The Fifties marked the beginning of the 'consumer' age. Work was plentiful in the UK, wages were higher and rations were gone. This led to new houses being built and people filling them with all the mod-cons; from gadgets and gizmos to fridges, washing machines and televisions (many of which were purchased ahead of the televised Queen's Coronation). People also started buying cars, holidaying abroad, shopping in supermarkets and making babies! Overall a very optimistic decade after the somewhat austere Forties.
THROWBACK THURSDAY: THE FIFTIES18.04.13
This Throwback Thursday, we go back to the 1950s where optimisim reigned supreme after the austerity of war. The decade that brought us televisions in the home, 'the teenager' and rock 'n' roll, the Fifties was when much of the world let its hair down and fashion really stepped it up a notch with haute couture galore.
Actors like Marilyn Monroe, Brigitte Bardot, James Dean and Marlon Brando introduced sex appeal into a conservative age and became worldwide stars throughout the Fifties. Alfred Hitchcock was at the peak of his career, with films like Dial M for Murder, To Catch a Thief and Rear Window, starring Grace Kelly (whose wedding to Prince Rainier of Monaco was televised and her dress cited as the world's 'most elegant and best remembered' of all time).
Music, literature and the arts
Music in the Fifties started with crooners like Frank Sinatra and finished up with rock 'n' roll from the likes of like Elvis and Chuck Berry. It was the age that led to 'the teenager', with rock 'n' rollers in the US and Teddy Boys in the UK. In the art world, pop was born, abstract flourished, surrealism survived and the Gil Elvgren pin-up became iconic being used in advertising for mega brands such as Coca Cola. Literature introduced the 'beat generation', a group of post-war American writers who became a cultural phenomena. 'Beat' culture innovated in style and experimented with drugs and alternative sexualities, Jack Kerouac's novel, On The Road, sums this up perfectly.
The decade of 'haute couture', where designers like Balenciaga and Christian Dior created dresses for high society ladies, the Fifties also saw cut-price versions appearing in store windows, heralding an accessibility to high fashion on the high street. Teens started the decade as 'mini me' versions of their parents, but rock 'n' roll changed all that and the teenager, with a whole new style, was born. The Fifties also welcomed new, synthetic and easy-care fabrics like drip-dry nylon, acrylic, polyester and spandex leading to the development of everyday fashion.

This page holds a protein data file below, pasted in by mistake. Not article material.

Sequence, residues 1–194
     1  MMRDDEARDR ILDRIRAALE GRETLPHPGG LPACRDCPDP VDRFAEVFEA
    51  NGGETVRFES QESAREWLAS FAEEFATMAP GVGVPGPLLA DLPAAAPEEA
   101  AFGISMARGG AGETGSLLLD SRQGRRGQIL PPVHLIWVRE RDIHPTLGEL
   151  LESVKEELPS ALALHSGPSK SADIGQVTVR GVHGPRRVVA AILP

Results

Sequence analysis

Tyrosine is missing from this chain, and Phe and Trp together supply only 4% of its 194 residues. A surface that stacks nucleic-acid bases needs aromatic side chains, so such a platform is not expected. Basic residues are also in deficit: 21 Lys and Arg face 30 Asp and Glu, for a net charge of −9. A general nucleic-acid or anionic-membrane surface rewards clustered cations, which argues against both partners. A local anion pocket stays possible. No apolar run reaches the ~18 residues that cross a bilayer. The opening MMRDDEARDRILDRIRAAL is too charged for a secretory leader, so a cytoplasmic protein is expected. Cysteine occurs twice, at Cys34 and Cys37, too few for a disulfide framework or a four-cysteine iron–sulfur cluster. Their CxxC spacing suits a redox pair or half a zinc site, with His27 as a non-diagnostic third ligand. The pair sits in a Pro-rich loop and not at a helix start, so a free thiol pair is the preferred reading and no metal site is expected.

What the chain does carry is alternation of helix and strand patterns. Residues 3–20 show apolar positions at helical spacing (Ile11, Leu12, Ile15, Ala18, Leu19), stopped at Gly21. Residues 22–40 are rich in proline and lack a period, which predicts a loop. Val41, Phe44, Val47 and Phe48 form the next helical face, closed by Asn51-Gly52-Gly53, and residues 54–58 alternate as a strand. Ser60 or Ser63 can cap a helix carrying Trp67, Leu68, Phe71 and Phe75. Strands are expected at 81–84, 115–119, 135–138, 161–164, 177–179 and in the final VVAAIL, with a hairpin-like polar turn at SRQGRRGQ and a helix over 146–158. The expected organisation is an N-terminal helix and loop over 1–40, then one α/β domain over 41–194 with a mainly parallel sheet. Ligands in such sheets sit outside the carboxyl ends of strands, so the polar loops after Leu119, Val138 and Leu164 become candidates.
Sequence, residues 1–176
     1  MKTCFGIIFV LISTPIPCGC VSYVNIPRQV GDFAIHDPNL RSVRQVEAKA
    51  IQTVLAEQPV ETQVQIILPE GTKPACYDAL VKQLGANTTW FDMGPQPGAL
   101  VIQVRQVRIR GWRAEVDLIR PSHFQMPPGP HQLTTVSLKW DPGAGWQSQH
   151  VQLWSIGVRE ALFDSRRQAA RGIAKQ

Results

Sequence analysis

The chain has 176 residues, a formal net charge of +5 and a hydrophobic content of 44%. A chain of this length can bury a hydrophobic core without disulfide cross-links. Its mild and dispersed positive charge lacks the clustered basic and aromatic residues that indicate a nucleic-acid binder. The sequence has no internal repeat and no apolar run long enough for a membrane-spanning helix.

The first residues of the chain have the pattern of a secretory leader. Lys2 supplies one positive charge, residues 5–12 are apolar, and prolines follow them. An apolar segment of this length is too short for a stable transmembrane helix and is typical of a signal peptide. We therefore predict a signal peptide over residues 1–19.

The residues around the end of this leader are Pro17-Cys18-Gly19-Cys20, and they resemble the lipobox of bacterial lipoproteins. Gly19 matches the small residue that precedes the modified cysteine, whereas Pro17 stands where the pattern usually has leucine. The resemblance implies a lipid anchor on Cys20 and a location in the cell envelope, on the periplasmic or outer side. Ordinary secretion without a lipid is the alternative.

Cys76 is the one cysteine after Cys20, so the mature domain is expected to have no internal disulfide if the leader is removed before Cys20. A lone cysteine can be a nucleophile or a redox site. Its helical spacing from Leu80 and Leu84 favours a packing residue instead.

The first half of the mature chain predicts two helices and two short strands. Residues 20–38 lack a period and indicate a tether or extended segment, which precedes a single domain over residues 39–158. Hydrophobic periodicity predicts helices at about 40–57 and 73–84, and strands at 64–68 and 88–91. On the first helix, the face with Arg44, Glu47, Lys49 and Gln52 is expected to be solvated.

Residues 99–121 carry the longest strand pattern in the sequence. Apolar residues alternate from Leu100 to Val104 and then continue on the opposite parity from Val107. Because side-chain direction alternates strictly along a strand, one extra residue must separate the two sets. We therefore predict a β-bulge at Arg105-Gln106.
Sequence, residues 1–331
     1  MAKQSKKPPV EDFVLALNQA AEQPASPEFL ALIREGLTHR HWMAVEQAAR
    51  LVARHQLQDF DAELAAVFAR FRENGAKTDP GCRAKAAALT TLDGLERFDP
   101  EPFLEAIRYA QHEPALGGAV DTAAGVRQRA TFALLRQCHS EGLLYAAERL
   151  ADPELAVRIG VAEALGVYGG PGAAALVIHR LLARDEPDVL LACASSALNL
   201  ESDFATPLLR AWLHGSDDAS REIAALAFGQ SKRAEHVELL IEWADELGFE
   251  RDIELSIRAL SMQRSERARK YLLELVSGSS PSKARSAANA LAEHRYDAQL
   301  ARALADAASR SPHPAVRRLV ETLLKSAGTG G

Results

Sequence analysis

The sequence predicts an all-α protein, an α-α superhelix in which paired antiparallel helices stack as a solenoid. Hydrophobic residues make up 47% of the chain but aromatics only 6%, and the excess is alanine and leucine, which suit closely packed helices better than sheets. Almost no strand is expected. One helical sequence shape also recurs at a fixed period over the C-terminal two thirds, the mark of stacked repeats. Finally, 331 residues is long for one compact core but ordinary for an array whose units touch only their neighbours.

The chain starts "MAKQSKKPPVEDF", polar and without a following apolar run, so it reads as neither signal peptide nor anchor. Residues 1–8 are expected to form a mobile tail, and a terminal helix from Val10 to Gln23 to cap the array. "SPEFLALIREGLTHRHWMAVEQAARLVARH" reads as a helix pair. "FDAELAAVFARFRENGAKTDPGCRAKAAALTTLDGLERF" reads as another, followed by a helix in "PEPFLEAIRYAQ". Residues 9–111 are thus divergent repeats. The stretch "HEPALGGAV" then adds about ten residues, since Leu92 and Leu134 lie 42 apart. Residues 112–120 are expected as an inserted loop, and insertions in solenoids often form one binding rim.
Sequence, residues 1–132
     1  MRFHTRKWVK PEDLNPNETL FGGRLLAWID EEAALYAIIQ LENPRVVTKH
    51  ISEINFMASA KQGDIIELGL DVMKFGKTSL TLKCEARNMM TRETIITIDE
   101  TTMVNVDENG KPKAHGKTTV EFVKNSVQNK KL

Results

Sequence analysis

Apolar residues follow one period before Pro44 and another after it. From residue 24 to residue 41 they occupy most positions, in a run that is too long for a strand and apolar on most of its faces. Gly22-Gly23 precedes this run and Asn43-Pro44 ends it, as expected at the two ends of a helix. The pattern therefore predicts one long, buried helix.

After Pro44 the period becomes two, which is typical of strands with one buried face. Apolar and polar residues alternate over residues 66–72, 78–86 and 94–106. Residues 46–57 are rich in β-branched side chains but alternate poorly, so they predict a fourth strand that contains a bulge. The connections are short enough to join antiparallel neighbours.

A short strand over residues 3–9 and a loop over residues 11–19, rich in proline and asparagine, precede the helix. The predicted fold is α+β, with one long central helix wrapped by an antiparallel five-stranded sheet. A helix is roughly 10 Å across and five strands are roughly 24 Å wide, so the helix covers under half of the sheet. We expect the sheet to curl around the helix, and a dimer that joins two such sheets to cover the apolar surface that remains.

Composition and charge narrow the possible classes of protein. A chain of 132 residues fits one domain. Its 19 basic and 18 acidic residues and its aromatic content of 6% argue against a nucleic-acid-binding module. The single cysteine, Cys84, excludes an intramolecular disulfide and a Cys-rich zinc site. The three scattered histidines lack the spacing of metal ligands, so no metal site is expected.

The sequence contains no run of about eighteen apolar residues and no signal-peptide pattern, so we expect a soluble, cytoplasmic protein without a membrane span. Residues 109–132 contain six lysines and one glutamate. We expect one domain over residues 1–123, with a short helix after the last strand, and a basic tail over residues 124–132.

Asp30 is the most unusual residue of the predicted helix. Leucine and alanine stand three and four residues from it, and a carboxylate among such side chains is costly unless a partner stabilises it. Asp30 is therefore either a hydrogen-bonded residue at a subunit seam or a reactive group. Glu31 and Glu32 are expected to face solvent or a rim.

1950s fashion began with Christian Dior’s 'new look' which consisted of a full skirts and dresses, pointed busts, small waists, and rounded shoulder lines. Ladylike glamour was key; seamed stockings, gloves, framed handbags and pill box hats all accessorised the look, and Charles Jourdan created the stiletto heel, introducing a much sexier shoe than ever seen before. The Fifties also celebrated curves, creating the 'bombshell'. Girls wore wiggle dresses, pencil skirts, pedal pushers and natty knits which hugged their figures, and pin-ups like Marilyn Monroe and Bettie Page introduced us to the rauchier side of beachwear and the bikini.
Conservatism was reflected in menswear during the early '50s, when most men wore trim, dark-coloured suits to work in shades of blue, brown and grey, topped off with a hat (think Don Draper in the early series' of Mad Men). While teenagers were inspired by films like James Dean's Rebel without a Cause and the Beatnik culture, donning leather, Levi's and Converse to create the look. The Ivy League look of chinos, letter sweaters and blazers was also popular, providing off-duty preps with a relaxed look. While in the UK, Brylcream-ed Teddy Boys in long jackets, drainpipe trousers and winkle picker shoes pioneered youth culture.